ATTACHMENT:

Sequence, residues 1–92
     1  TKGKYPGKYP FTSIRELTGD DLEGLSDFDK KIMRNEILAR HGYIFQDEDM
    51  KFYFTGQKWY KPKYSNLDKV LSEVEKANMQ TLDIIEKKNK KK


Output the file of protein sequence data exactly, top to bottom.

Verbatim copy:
Sequence, residues 1–92
     1  TKGKYPGKYP FTSIRELTGD DLEGLSDFDK KIMRNEILAR HGYIFQDEDM
    51  KFYFTGQKWY KPKYSNLDKV LSEVEKANMQ TLDIIEKKNK KK